Thursday, October 05, 2006

Unkindest Cuts?

Cuts promises "You bring the video, we bring the edits." Users can condense video, mash it up with other video, create popup commentary, even recast movies with different actors. By separating the edits from the underlying movie, Cuts believes it's complying with copyright law. Cuts promises to work with multiple formats, including protected WMV files and files downloaded from the iTunes Store. You can share your "cuts" with anyone else who owns the same file. But the original content is never shared or altered, which is why Cuts thinks it's complying with copyright law: its editing software is even called a "virtual remote control." (Separate query: does using Cuts violate the iTunes contract? If so, is Cuts therefore tortiously inducing breach? The current contract doesn't seem to prohibit this conduct -- but give it time.)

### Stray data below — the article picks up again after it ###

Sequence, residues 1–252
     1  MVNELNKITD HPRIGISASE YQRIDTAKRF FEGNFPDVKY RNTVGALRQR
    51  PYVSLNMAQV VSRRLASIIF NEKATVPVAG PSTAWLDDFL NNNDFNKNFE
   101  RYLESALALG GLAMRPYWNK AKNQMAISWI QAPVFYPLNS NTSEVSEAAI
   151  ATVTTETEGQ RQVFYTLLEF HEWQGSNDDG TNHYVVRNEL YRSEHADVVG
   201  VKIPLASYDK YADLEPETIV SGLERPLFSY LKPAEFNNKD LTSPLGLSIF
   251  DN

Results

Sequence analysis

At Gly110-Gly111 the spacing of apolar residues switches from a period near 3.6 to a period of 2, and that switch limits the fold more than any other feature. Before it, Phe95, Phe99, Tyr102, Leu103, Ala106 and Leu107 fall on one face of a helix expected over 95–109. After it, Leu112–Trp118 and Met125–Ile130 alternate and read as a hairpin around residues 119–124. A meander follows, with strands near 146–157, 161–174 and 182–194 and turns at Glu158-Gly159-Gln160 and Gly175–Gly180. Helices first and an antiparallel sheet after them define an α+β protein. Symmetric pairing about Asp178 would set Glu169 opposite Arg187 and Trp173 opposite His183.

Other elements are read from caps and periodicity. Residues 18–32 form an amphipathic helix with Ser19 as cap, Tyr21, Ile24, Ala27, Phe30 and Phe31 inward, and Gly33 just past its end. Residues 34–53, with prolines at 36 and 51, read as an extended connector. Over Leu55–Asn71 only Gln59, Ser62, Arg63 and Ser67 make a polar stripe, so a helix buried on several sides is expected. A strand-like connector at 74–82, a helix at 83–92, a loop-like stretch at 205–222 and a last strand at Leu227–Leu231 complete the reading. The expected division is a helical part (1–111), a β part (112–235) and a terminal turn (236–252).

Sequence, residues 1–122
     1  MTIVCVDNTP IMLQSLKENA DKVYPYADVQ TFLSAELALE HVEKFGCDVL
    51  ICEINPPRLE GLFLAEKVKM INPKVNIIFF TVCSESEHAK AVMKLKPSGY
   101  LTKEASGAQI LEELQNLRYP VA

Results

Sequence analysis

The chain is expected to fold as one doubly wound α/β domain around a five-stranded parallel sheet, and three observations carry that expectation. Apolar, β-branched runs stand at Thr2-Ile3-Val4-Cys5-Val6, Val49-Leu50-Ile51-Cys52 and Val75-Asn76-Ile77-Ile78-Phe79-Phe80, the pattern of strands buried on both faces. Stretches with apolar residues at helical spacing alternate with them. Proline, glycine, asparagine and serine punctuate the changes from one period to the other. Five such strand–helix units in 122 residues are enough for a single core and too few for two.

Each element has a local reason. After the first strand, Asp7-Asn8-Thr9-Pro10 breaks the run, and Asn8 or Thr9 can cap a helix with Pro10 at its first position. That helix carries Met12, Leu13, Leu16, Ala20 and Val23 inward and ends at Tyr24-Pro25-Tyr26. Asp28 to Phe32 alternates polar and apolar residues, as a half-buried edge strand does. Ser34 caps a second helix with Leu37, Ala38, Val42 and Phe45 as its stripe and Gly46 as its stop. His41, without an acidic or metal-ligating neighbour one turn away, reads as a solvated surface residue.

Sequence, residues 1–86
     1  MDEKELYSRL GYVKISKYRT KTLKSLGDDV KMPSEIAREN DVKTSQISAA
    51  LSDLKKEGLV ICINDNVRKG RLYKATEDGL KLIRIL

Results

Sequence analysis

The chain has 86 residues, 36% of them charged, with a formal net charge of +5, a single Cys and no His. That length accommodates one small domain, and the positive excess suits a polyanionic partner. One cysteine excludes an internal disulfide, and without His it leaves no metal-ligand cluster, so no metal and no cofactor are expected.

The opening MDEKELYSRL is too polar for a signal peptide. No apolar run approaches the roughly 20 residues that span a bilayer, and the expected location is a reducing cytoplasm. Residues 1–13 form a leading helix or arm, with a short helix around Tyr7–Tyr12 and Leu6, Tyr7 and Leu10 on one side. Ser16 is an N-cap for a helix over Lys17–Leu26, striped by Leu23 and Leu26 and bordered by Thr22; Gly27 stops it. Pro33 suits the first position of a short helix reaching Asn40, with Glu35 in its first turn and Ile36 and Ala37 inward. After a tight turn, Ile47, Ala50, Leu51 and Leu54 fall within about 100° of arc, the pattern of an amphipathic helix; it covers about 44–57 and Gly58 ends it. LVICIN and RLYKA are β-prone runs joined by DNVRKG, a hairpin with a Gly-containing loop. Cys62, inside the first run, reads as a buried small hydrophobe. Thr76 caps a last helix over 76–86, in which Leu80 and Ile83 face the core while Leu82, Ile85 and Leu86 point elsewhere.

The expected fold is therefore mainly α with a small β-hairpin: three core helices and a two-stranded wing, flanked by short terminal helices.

We never did get an answer to the question "Does a ClearPlay program create a derivative work?" Because what Cuts does goes beyond that authorized in recent amendments to the Copyright Act, perhaps that question must be asked now. Some discussion from Cuts here. Video demo here.

I am particularly interested in the attribution aspects of this. Cuts contends that, by separating edits and original content, integrity and proper attribution are assured. No one could mistake one for the other. That's surely true of the parents using this to edit out the scary scenes of Finding Nemo. But I can't reconcile the attribution-safety claim with the simultaneous boast that, because there will be more viewers than editors, people will be able to download others' edits rather than redoing the work for themselves. If they're not familiar with the underlying content, they won't be able to distinguish the original from the edited version -- and certainly their kids won't.

1 comment:

Unknown said...

Seems similar to Microstar v. Formgen, absent the license from the author of the underlying work. Should be interesting.